Different isn’t bad, it’s just different. It’s also equal. At the very least, I feel a strong call to begin shaking up the status quo in terms of how I, and those that might choose to listen to me, view and judge others.
We’re all connected. This is the loudest, most predominate message of I AM. I think if Tom Shadyac could choose one central idea for viewers to come away with after watching his movie, it would be this. He goes to great lengths to demonstrate the point. And it works. In ways that are just starting to present themselves to the scientific world, we are intricately, undeniably connected.
When one of us suffers, we all suffer. We may not see be able to see the path that suffering took to get to us, but it doesn’t just roll downhill, folks. It rolls in all directions, sprouts wings and takes flight and swims upstream, downstream and every other imaginable direction.
The random numbers generators information was enough to convince me…
Random number generators (RNGs) are machines designed to spit out data, such as strings of ones and zeroes, based on the process of radioactive decay, which is as close to absolute randomness as engineers can get. The machines perform like repetitive coin tosses; over millions of “tosses” they yield virtually perfect, 50–50 randomness. Usually. But on days when events of great significance to humans are occurring, the randomness of RNGs drops bizarrely. For example, on September 11, 2001, two hours before the first terrorist plane hit the World Trade Center, RNGs all around the world began generating data that were nonrandom, at a high level of statistical significance. This nonrandomness climbed throughout the fateful day and remained statistically significant until midday on September 13.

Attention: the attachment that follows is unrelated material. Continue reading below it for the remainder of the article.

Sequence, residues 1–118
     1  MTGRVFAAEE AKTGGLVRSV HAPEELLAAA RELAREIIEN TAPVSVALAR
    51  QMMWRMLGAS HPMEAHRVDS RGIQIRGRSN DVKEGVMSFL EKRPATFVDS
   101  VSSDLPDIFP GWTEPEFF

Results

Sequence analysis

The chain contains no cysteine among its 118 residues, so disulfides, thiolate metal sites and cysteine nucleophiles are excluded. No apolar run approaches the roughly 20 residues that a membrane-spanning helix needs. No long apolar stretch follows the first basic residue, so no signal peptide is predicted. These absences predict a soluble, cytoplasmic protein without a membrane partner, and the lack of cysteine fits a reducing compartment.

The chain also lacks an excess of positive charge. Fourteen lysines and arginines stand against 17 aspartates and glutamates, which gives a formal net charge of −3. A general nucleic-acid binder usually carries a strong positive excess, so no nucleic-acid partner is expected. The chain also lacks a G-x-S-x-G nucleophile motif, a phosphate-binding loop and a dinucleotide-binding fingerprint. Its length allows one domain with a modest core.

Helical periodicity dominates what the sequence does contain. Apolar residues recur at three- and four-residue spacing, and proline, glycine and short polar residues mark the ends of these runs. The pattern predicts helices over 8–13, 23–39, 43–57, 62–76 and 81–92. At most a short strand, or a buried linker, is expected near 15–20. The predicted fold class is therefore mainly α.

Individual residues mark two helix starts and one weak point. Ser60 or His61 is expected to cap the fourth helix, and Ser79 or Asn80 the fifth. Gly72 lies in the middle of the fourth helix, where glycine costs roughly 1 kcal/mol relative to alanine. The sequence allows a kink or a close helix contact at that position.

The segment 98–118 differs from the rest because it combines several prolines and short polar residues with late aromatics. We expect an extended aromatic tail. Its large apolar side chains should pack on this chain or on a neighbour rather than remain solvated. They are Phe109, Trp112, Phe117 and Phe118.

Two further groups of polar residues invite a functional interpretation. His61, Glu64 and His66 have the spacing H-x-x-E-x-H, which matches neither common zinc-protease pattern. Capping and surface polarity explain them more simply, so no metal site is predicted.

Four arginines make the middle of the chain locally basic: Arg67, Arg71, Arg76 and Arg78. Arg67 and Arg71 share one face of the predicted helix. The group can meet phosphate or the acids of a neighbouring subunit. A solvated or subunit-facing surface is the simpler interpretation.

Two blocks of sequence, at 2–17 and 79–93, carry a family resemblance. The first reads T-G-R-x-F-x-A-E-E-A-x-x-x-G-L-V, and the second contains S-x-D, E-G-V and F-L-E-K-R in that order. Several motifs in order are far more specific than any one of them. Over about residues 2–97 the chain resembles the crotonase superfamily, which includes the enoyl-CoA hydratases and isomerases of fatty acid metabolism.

That quote is damn near exactly what the movie said about the subject. But it’s not from the movie. It’s from Finding Your Way in a Wild New World by Martha Beck which I not-so-coincidentally read no more than two hours AFTER watching I AM, by the way. Spooky shit, indeed.
Anyway, my point is that we can ignore the pain and suffering and mistreatment of others until we’re blue in the face but it will continue to splash up on us no matter how high up on the pile we think we’re climbing. It’s a fool’s game. And one I am intentionally going to stop playing.
Where’s all this leading, you ask? I’m not sure. All I know right now is that I feel compelled to help, to walk my talk, to live out my mantra of the year in a bigger, braver and more tangible way and I’m going to use this platform to invite those opportunities into my life.
“You don’t have to be great to start, but you have to start to be great.” ~Joe Sabah
I guess this is my starting gate. On my mark, get set, GO!